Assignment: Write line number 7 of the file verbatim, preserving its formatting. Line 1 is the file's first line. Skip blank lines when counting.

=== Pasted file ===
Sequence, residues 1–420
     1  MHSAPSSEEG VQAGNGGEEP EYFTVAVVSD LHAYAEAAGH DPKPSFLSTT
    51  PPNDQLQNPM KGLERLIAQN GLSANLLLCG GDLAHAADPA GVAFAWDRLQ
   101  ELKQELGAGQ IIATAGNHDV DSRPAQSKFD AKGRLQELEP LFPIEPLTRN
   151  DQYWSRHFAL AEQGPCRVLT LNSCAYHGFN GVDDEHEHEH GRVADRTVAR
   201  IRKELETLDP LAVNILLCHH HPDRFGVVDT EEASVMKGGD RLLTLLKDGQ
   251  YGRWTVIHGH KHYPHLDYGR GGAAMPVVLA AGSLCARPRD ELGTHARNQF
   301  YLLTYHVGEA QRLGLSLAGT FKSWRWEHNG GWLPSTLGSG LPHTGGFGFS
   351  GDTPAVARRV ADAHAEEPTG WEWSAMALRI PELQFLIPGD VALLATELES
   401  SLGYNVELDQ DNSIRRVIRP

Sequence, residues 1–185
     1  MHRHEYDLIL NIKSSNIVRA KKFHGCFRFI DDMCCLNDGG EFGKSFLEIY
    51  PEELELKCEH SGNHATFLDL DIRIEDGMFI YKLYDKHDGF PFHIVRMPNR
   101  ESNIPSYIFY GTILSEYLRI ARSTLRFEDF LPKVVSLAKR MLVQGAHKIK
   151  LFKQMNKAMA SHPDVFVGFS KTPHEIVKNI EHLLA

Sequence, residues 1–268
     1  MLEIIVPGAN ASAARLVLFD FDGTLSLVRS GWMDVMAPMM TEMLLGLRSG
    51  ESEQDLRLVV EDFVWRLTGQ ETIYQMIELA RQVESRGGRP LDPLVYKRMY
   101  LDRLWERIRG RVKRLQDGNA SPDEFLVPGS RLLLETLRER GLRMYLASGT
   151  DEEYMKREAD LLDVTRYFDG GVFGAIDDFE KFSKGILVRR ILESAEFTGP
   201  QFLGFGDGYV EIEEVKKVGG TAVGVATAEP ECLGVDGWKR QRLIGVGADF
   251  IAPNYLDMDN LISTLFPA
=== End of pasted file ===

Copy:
   251  YGRWTVIHGH KHYPHLDYGR GGAAMPVVLA AGSLCARPRD ELGTHARNQF